Explore DDD

The speaker lineup at this conference was simply incredible.  Eric Evans, Rebecca Wirfs-Brock and Ward Cunningham were the keynotes.  Crazy. I cannot really believe that I was chosen to speak at such a conference. Imposter Syndrome was maxed out to 11. It didn’t take too long to have some conversations at the conference to realize that I had different experiences and views that proved to be valuable.  This didn’t knock down the imposter syndrome completely, but definitely lowered it a just a tad.  On the other hand, the amount that I learned from discussions and talks were like no other conference.

Community/Family

This really summed it for me.  There was a real sense of community/family.  I can’t really put my finger on why that is but I have a few guesses.

Conference Space/Location

Incredible.  38th Floor of the Grand Hyatt, looking over downtown Denver.  The floor itself was broken down into 3 track rooms, general gathering room where food was served, as well as a unique blue track room.  The blue track was reserved for spontaneous modeling, discussions, problem solving, whatever.  I actually had several interesting discuss here and it was kind of a good place for the “hallway” track in some respects.

Paul Rayner

The conference kicked off on Wednesday evening with the keynote by Eric Evans.  Paul spoke to intro the conference as well as each day with some house keeping notes.  I felt the way Paul gave such a calm welcoming, really set a tone for the entire conference.

Thank You!

Hands down an awesome conference.   Thank you to Paul for organizing an incredible event and selecting my talk.  All the attendees and speakers (from all over the world!) for making it feel like a family. I highly recommend attending this next year.  I hope to see you there!

Domain Driven Design: “What” not “How”

Common LanguageMany years have past since Eric Evans release the blue book: Domain Driven Design.  A lot has changed over the years but I find the core ideas still hold very true.

In some ways, I think some of the concepts outlined are even more prevalent now than they have ever been.

Ubiquitous Language

The Ubiquitous Language is a shared language developed by the team.  The team is everyone working on the project: developers, domain experts, QA, BA.

Everyone on the team.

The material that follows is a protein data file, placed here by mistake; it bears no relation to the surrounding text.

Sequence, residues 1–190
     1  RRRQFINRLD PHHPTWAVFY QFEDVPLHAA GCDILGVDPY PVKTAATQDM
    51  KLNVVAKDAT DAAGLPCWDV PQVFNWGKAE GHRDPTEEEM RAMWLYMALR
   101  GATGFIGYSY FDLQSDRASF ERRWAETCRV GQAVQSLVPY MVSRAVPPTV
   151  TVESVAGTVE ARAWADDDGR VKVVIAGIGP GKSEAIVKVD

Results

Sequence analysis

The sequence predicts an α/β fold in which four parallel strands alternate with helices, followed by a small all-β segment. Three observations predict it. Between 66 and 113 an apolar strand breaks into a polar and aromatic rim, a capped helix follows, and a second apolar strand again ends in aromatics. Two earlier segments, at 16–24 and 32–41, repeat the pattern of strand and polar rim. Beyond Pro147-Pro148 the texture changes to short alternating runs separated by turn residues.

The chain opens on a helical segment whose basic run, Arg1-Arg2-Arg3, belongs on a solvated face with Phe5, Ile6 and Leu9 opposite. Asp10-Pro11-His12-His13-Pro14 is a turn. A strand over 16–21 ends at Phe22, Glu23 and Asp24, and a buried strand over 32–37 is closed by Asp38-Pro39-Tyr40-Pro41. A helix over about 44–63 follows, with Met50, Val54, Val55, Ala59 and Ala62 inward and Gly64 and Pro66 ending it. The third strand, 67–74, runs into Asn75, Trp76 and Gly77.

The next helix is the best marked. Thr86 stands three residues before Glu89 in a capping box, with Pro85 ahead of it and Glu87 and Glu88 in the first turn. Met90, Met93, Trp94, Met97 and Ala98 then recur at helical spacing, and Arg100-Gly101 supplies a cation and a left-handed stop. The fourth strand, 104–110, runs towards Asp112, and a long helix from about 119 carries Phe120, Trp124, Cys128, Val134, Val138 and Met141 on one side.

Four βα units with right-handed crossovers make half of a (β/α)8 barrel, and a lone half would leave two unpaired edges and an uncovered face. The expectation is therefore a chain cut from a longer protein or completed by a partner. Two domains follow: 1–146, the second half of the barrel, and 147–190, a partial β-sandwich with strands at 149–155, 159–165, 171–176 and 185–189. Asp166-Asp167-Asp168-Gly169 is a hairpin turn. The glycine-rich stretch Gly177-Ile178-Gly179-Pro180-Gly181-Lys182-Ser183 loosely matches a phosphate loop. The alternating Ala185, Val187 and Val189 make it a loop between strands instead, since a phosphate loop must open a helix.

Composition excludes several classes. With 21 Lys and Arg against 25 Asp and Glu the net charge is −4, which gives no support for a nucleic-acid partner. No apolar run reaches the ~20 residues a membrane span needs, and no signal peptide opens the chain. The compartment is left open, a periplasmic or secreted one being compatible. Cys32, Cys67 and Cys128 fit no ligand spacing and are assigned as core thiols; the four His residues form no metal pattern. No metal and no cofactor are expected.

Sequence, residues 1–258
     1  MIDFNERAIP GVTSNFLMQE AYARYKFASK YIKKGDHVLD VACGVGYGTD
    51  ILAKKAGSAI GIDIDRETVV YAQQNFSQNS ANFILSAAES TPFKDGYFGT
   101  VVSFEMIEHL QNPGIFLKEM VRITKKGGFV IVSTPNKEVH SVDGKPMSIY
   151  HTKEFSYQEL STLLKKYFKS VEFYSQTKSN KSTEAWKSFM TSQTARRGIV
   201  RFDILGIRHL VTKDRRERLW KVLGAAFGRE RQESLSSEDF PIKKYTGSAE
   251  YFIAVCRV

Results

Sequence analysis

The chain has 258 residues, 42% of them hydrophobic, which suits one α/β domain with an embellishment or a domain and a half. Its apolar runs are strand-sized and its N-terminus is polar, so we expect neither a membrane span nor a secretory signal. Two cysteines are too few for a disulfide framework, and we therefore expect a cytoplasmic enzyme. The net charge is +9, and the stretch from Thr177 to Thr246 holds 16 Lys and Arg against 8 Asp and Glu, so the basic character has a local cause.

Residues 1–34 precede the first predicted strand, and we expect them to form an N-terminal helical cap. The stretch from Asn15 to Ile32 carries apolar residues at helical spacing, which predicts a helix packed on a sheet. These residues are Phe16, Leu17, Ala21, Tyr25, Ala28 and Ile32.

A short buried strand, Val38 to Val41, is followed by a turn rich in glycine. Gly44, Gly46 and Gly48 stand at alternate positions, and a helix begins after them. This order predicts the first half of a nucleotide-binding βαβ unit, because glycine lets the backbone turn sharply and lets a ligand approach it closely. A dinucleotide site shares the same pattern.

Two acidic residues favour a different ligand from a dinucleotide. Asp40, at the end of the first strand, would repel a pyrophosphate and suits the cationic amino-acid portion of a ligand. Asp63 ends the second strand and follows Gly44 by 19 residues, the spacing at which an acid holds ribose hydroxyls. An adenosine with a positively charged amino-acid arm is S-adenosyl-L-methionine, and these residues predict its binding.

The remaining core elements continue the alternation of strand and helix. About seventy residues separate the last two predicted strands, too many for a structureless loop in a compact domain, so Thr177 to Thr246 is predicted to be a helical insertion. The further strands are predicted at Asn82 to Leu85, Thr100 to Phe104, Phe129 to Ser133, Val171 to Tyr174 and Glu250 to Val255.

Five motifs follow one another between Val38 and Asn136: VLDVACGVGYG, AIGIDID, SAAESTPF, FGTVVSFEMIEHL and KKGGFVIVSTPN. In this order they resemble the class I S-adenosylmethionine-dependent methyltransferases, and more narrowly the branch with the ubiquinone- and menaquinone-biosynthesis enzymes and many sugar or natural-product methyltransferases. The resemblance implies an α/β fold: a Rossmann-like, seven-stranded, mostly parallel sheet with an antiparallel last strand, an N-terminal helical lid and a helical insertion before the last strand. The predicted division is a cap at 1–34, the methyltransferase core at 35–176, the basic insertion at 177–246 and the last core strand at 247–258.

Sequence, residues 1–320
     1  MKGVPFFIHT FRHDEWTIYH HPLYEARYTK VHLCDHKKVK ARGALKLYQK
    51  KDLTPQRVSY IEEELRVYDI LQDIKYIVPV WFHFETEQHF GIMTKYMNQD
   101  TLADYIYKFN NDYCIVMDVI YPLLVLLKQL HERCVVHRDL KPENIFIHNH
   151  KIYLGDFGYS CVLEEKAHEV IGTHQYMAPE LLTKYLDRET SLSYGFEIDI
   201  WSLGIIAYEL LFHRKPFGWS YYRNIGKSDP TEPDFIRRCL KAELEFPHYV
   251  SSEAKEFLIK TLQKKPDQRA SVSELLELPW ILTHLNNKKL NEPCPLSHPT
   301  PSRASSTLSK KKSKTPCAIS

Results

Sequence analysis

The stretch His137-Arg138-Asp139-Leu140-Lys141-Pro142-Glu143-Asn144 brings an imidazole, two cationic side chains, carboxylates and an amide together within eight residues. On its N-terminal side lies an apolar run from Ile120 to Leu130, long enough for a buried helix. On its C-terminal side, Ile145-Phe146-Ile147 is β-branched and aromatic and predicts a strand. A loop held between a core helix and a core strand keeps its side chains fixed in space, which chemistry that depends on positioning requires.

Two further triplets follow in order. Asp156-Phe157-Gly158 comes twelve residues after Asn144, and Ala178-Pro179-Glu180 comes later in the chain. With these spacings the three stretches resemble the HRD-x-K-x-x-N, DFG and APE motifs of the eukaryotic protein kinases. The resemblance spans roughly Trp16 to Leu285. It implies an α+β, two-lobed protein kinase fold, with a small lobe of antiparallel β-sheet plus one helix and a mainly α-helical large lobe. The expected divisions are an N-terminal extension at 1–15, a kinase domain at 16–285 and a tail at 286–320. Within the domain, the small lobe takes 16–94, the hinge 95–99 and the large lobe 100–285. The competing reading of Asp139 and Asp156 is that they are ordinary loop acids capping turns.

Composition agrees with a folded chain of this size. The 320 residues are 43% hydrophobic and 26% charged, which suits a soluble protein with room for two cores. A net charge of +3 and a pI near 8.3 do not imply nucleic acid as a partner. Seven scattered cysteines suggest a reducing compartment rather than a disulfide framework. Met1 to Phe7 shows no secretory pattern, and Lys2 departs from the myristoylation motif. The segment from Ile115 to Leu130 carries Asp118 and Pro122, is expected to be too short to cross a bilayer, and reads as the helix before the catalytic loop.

The ubiquitous language isn’t developed by the domain expert(s) alone.  If you have more than one domain expert, they may struggle with language between each other to define concepts.

Everyone apart of the team is building, growing and refining the language.

Language is critical to not only verbal communication but how it’s represented in the software we are writing.  It represents the concepts and terms specific to the core business domain we are trying to model.

All the expressions, nouns and verbs are what the team is formally defining with an ubiquitous language.

Bounded Context

Boundaries

One of my favorite concepts is of the bounded context.  Bounded context should be autonomous.

Meaning, a bounded context should be independent and self governing.

It defines a set of business capabilities within the domain and represents a conceptual boundary.

One way of determining where the boundaries lie is with the ubiquitous language.

If a term or phrase has a different meaning in another context, you may have discovered a boundary and therefor another bounded context.

“What”, not “How”

With the rise/hype of microservices, the concept of a bounded context continues to hold true.

How do functional languages impact domain driven design?  As I’m leaning F#, I’m not overly concerned about the “how”.

The important part modeling a domain for me is the verbs, not the state.  I do think that will translate well to a functional language.

Focusing on the what not the how is what makes Domain Driven Design still very important and applicable so many years later.